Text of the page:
Sandia National Labs FY20 LDRD Annual Report


Radiation-hard nonvolatile memory and logic based on magnetic tunnel junctions. State- of-the-art computer processors using electric-charge-based devices have drawbacks including fundamental limits on energy efficiency and sensitivity to radiation. Changing the state variable from charge to magnetization can overcome these limitations. Magnetic memory, which represents the stored memory state by two parallel ferromagnetic layers, is now commercialized. In addition, ferromagnetic layers were recently extended to form logic devices using magnetic domain walls (MDW), replicating complementary metal oxide semiconductor (CMOS) logic. In these devices, logic states are delineated using the separation of magnetic domains that are polarized in different directions (see figure). For the first time, Sandia and the University of Texas at Austin demonstrated MDW logic gates using the efficient spin orbit torque (SOT) effect, that are cascadable, electrically controlled, and demonstrate a record 164% separation between logic states. Furthermore, a device- circuit codesign model predicts power efficiency beyond CMOS limits using SOT MDW logic. Finally, initial radiation measurements on SOT devices confirm resilience to these effects. These results

pave the way for low-power, radiation-resilient magnetic computing. (PI: Matthew Marinella) Traditional CMOS cascaded buffer circuit (left) next to the equivalent magnetic domain wall buffer circuit (center) representing the device demonstrated by the Sandia-UT Austin LDRD project. (Right) A scanning electron image of the device is shown.

GaN vacuum nanoelectronics: A new platform for radiation-hard devices and beyond. Sandia developed a new type of on-chip, nanoscale vacuum electronic device that combines the advantages of modern, solid-state devices with “old-school” vacuum tubes. Vacuum tubes are still prized for applications requiring very high frequency and power as well as operation in harsh environments, where even modern silicon-based solid-state electronics are lacking. However, traditional vacuum tubes are large, power hungry, and require a vacuum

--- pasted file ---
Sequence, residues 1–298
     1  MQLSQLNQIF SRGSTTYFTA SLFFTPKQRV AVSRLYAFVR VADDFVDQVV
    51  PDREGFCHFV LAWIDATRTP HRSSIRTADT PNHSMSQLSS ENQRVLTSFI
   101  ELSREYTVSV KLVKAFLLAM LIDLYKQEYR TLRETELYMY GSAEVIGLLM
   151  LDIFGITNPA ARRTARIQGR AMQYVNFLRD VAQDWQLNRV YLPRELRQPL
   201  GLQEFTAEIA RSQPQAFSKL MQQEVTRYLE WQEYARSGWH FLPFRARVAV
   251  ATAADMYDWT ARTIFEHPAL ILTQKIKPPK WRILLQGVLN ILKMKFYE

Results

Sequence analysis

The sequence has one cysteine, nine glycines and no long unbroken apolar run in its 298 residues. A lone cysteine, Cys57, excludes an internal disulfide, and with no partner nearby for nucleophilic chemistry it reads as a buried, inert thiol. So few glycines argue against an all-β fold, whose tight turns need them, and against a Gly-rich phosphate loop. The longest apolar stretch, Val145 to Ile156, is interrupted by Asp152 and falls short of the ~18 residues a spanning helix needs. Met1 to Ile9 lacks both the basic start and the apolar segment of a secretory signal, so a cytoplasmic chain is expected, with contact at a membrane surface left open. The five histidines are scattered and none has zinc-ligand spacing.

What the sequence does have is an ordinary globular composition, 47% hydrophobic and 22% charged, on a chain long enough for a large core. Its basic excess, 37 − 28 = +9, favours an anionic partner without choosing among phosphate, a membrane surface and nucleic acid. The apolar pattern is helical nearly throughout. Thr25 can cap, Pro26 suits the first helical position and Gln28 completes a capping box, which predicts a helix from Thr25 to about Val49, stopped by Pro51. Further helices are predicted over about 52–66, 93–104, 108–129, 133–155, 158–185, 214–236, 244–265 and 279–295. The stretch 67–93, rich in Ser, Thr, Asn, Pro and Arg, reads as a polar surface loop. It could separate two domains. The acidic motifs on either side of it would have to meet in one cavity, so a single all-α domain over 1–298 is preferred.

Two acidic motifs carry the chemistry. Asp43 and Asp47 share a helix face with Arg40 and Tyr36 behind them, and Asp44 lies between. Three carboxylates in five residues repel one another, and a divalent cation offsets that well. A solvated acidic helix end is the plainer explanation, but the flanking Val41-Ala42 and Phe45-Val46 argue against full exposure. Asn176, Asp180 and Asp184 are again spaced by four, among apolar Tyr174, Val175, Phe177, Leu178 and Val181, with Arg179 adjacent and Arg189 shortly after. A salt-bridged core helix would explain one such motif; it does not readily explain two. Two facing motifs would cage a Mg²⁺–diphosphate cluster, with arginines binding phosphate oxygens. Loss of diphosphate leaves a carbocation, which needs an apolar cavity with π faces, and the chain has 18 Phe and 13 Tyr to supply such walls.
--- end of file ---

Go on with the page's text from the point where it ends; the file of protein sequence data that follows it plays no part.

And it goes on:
environment to operate, greatly limiting their use. The new, solid-state “nano-vacuum tubes” were fabricated from gallium nitride (GaN), due to its optimal properties for this technology. Recent GaN devices demonstrated ultra-low turn-on voltages that are an order of magnitude lower than competing silicon- or silicon carbide-based devices. Additionally, due to the nanoscale dimensions of the vacuum channel, the GaN devices achieve this performance in air, without the need for vacuum packaging. Future devices that can be enabled by this novel technology include radiation- and EMP-resistant electronics and photonics that can operate at high speeds and with low power consumption. (PI: George Wang)

Schematic (top) and electron micrograph (bottom) images of an on-chip, integrated GaN nanoscale vacuum “tube” (diode) with gap size below 30 nm and operable in air.



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